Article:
The High Speed Rail Authority has vowed to stay on course as the case makes its way through further hearings, and this month the state put out the first 106 notices to buy land within 90 days -- Angelo's among them. The diner sits in the way of a planned overpass.

Brent Norman, 38, who said he'd been coming to Angelo's "since I was born," waved a French fry dipped in Thousand Island as he asked Lim for the details.

"A hundred thou? I'll follow you anywhere, but you can't even buy a house, much less a restaurant, for that," he said.

Norman works in construction and said he knows how precious those jobs can be.

"I'm all for new construction," he told Lim. "But not like this."

On those evenings when Lim turns on the neon hamburger floating above the low-slung diner, she imagines, she said, a parking lot full of shiny roadsters, like in the old photographs her customers give her.

In the harsh light of an August lunch hour, however, it was possible to see why a second appraiser told the family they weren't going to find someone who could give them a higher property value estimate.

"But where do we go?" asked Lim. "It isn't enough money to begin again."

A crowd filled the well-worn booths. Regulars who once came with their grandparents now come with their children, and the lines at a nearby DMV office ensure a steady supply of new drop-ins.

Lim is the waitress and Chea the cook. She came to this country at 17, he at 19, both fleeing the Pol Pot regime when more than a million Cambodians were slain by the Khmer Rouge.

Chea's first American job was delivering newspapers in North Dakota.

"It was so brutal. So cold," he said. Even back then, he saved his money to buy a business.

Their families arranged the couple's courtship. From their first meeting they agreed it was a fine idea. They have two sons: Timothy, 19, a community college student who hopes to go to medical school, and Peter, 24, an economics major at Cal State Fresno. Both work at the restaurant.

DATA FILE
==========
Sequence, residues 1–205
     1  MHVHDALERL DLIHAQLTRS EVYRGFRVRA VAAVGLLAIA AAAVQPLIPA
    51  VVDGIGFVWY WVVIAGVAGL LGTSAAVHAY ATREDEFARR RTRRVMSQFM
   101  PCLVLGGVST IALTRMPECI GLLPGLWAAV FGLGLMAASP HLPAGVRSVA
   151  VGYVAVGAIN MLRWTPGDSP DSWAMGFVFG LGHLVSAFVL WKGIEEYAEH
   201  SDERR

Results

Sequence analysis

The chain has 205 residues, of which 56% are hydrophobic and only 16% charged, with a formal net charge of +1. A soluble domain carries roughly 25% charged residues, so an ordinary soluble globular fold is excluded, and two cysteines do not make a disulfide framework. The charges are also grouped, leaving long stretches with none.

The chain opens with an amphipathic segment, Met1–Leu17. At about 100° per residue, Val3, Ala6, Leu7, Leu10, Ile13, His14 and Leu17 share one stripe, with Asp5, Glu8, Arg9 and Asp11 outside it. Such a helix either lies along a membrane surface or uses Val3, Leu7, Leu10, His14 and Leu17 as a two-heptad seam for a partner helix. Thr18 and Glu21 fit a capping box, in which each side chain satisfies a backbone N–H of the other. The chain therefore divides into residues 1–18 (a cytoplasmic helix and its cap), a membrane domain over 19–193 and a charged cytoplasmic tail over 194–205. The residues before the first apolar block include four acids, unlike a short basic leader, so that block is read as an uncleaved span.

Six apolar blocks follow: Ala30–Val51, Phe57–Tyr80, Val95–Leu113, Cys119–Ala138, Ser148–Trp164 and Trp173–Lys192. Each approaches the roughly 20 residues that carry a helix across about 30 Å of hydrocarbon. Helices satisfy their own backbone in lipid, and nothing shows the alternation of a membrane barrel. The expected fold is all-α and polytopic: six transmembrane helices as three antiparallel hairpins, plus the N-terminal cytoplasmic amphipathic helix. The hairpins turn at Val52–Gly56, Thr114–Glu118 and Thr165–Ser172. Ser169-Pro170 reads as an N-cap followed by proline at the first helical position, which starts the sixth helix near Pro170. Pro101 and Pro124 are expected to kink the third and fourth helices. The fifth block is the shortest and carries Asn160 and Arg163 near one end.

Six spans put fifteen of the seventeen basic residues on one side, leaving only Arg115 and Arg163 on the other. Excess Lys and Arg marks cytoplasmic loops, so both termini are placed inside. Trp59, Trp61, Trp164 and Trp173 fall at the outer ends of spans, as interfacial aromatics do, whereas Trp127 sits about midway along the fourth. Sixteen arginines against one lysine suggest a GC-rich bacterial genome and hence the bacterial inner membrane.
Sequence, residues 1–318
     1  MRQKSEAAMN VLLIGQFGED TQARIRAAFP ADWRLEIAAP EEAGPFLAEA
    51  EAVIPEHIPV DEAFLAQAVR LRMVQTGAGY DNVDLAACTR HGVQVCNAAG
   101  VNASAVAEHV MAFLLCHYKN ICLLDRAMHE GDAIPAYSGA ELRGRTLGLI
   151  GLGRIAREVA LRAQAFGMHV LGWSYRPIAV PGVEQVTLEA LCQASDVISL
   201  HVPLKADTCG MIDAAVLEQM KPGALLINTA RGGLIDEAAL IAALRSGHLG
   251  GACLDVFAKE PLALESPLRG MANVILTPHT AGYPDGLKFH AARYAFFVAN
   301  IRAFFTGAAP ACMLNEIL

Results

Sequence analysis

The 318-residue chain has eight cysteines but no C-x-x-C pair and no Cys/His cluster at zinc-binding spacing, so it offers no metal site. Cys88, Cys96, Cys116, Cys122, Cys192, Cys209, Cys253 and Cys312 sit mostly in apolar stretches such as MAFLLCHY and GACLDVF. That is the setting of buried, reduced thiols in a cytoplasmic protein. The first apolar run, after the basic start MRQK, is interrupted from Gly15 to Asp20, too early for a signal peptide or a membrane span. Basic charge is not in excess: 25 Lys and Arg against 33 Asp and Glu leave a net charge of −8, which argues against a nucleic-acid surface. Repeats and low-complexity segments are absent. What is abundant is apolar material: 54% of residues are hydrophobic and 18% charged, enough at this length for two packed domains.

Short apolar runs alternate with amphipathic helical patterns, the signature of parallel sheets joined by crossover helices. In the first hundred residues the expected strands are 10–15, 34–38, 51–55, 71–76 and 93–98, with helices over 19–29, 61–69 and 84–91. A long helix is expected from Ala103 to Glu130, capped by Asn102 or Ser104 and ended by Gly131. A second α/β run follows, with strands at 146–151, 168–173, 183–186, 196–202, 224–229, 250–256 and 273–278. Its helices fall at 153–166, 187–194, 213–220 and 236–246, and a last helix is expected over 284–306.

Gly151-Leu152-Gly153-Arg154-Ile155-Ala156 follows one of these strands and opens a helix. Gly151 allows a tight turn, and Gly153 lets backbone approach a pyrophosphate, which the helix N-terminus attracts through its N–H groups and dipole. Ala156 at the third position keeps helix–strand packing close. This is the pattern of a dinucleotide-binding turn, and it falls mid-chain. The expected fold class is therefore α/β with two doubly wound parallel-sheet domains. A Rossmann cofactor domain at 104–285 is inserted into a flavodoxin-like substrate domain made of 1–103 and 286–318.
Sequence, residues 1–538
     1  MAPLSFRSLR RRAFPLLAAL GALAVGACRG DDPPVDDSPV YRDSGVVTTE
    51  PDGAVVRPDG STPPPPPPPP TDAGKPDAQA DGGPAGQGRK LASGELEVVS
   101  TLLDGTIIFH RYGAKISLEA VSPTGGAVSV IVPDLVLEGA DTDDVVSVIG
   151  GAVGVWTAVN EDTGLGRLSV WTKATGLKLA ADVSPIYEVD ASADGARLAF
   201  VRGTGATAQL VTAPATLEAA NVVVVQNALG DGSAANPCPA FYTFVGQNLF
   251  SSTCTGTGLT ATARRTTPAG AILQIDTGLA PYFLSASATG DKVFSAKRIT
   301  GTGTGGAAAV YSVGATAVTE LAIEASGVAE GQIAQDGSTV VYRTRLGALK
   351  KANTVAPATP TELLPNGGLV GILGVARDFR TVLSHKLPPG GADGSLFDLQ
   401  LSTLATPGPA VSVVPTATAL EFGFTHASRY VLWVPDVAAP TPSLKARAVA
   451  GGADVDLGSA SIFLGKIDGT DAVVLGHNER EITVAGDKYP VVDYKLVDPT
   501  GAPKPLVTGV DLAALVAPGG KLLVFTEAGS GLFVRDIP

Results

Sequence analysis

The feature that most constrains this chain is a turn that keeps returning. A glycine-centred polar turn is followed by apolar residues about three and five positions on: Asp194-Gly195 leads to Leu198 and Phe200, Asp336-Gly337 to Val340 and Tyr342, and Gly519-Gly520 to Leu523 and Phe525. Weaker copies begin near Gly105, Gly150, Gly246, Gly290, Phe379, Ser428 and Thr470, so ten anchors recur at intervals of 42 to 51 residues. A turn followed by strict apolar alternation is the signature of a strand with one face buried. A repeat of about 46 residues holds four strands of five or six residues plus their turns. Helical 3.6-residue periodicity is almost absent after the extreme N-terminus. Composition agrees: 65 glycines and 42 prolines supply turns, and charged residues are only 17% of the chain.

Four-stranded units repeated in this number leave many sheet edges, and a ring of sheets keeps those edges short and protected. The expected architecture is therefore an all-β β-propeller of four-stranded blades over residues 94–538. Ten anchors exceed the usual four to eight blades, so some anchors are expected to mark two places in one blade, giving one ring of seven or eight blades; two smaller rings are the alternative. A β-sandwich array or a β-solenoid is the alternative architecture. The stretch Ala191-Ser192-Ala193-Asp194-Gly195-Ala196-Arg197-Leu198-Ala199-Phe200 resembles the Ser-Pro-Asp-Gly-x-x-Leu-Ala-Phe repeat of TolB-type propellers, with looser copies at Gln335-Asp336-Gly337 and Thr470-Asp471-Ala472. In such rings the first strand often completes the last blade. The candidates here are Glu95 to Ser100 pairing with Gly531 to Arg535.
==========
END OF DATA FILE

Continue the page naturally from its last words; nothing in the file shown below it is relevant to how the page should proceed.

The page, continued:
The first business the family owned was an ice cream parlor in San Mateo, bought with savings from working in doughnut shops and other jobs. They sold it to buy a restaurant in San Leandro, then sold that place and their house in the Bay Area to buy Angelo's.

"My heart, my soul and all my money I ever make is in this. It's all I got," Chea said. "I have no education. My English isn't good. Someone isn't going to hire me."

He said he should not say anything else -- "I come from a place where you know not to talk about the government."

Each Thursday morning, a group of people who have been friends for seven decades gather at Angelo's for breakfast. They grew up in Easton, a small farm town south of Fresno. They don't approve of jelly in tiny plastic tubs with peel-back foil, so they keep their homemade preserves in the diner's refrigerator.

On a recent morning, Lim showed them the papers from the state.

"We're going to have to help you find a new place, that's what we're going to have to do," said Nadine Goodenough, 86, still in tennis clothes from a morning game. "But that doesn't seem like much money, does it?"